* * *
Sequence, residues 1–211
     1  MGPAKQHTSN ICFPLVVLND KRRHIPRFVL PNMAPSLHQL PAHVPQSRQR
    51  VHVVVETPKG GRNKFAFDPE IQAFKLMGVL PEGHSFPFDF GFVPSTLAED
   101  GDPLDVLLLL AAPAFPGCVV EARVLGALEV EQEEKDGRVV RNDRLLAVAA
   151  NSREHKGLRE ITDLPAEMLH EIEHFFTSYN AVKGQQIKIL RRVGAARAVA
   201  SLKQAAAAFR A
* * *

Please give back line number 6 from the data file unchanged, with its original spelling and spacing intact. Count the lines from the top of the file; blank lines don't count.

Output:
   201  SLKQAAAAFR A